I wanted to use jsperf, but it seems to be counting how many times it can run the code for a time period, rather than timing the actual call for N loops. I wish they had an option to choose. –  Jeach Feb 21 '13 at 15:56
    
@Jeach - jsperf gives "operations/second". Just multiply that value by the time (in seconds) you're code will run for. –  broofa Dec 21 '13 at 13:44

I have been using this simple implementation of @musicfreaks answer. There are no features, but it is really easy to use. This bench(function(){return 1/2;}, 10000, [], this) will calculate 1/2 10,000 times.

/**
 * Figure out how long it takes for a method to execute.
 * 
 * @param {Function} method to test 
 * @param {number} iterations number of executions.
 * @param {Array} args to pass in. 
 * @param {T} context the context to call the method in.
 * @return {number} the time it took, in milliseconds to execute.
 */
var bench = function (method, iterations, args, context) {

    var time = 0;
    var timer = function (action) {
        var d = Date.now();
        if (time < 1 || action === 'start') {
            time = d;
            return 0;
        } else if (action === 'stop') {
            var t = d - time;
            time = 0;    
            return t;
        } else {
            return d - time;    
        }
    };

    var result = [];
    var i = 0;
    timer('start');
    while (i < iterations) {
        result.push(method.apply(context, args));
        i++;
    }

    var execTime = timer('stop');

    if ( typeof console === "object") {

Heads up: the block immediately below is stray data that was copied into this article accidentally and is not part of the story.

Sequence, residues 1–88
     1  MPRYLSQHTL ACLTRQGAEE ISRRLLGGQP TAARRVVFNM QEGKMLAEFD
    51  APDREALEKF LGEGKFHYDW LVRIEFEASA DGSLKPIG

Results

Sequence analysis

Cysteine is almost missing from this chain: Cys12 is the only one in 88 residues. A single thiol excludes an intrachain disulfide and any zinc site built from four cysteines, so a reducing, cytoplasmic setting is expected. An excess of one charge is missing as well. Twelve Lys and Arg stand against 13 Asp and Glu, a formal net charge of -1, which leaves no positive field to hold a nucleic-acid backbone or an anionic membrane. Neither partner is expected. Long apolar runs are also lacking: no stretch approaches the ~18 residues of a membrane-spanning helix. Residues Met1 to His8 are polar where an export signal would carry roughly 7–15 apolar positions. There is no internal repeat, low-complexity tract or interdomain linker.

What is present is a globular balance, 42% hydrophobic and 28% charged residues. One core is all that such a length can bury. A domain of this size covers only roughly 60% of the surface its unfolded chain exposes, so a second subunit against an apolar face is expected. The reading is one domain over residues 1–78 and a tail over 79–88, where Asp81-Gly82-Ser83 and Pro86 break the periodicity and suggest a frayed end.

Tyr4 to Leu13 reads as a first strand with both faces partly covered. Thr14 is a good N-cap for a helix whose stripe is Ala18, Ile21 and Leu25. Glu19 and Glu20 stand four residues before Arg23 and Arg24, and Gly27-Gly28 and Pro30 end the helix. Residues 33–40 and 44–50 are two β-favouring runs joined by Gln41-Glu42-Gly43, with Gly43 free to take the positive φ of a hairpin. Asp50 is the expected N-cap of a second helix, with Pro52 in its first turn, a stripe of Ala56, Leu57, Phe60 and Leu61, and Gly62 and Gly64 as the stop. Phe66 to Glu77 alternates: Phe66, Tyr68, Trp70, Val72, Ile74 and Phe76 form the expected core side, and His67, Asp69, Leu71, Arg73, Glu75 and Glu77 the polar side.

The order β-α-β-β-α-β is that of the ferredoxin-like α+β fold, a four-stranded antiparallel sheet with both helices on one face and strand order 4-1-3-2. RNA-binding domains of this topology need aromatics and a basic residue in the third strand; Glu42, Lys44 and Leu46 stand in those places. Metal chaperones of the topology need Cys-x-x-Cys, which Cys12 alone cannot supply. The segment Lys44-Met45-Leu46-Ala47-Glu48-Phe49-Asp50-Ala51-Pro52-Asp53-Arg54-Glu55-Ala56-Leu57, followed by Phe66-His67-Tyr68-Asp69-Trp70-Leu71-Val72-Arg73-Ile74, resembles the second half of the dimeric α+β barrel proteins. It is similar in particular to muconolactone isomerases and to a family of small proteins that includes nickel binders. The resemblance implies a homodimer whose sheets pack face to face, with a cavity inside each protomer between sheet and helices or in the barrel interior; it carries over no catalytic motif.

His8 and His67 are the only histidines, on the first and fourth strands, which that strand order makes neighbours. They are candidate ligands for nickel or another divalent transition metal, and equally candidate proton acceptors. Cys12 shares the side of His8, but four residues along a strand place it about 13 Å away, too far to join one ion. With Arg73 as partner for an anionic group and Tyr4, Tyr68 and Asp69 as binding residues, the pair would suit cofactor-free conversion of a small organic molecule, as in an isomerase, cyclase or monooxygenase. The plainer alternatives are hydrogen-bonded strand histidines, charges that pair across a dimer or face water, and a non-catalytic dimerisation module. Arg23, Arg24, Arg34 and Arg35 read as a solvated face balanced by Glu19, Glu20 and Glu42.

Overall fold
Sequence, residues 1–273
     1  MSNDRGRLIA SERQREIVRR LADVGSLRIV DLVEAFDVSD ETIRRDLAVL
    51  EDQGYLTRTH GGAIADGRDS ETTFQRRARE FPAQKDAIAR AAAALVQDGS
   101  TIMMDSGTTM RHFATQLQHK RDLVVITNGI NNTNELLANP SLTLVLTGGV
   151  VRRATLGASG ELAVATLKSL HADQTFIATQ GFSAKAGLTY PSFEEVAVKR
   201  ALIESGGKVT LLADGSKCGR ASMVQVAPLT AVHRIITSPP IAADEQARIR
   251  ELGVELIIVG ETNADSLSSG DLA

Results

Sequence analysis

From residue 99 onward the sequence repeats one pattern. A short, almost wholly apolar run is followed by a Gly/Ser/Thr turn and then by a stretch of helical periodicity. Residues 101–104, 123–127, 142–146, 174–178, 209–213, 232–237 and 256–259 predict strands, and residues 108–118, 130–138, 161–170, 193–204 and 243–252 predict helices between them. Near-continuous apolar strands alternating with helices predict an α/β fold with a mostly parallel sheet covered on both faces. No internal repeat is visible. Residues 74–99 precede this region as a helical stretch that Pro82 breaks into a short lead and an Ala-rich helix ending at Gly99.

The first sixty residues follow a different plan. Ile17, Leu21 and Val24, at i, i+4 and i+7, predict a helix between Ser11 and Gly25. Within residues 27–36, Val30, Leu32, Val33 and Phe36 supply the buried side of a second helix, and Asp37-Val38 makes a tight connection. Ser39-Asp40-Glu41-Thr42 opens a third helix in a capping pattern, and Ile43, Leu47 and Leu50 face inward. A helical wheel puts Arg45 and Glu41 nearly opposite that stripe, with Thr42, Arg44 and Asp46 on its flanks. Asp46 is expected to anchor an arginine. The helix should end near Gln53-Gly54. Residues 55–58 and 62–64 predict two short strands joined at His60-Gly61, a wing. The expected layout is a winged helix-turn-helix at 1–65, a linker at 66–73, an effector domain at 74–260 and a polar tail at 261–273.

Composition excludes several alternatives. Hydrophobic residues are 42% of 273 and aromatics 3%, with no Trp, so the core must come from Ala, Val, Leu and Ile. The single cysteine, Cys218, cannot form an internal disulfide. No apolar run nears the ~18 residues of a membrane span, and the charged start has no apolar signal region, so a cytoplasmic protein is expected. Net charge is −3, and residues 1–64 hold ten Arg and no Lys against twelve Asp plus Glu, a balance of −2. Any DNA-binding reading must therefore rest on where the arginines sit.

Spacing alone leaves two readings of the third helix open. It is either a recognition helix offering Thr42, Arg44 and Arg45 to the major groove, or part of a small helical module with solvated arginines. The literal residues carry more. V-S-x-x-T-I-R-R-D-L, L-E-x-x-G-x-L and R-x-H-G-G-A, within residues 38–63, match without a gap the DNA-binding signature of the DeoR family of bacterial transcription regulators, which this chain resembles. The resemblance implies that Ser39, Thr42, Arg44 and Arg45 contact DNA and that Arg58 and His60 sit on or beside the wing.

console.log("Mean execution time was: ", execTime / iterations);
        console.log("Sum execution time was: ", execTime);
        console.log("Result of the method call was:", result[0]);
    }

    return execTime;  
};
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It’s really hard to write decent cross-browser benchmarks. Simply timing a pre-defined number of iterations of your code is not bulletproof at all.

As @broofa already suggested, check out jsPerf. It uses Benchmark.js behind the scenes.

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Just adding a quick timer to the mix, which someone may find useful:

var timer = function(name) {
    var start = new Date();
    return {
        stop: function() {
            var end  = new Date();
            var time = end.getTime() - start.getTime();
            console.log('Timer:', name, 'finished in', time, 'ms');
        }
    }
};

Ideally it would be placed in a class, and not used as a global like I did for example purposes above. Using it would be pretty simple:

var t = timer('Some label');
// code to benchmark
t.stop(); // prints the time elapsed to the js console
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if writing a custom benchmark script be sure to note that some browsers apply dom manipulations only after function in which they are defined is ended. More details here http://www.quirksmode.org/blog/archives/2009/08/when_to_read_ou.html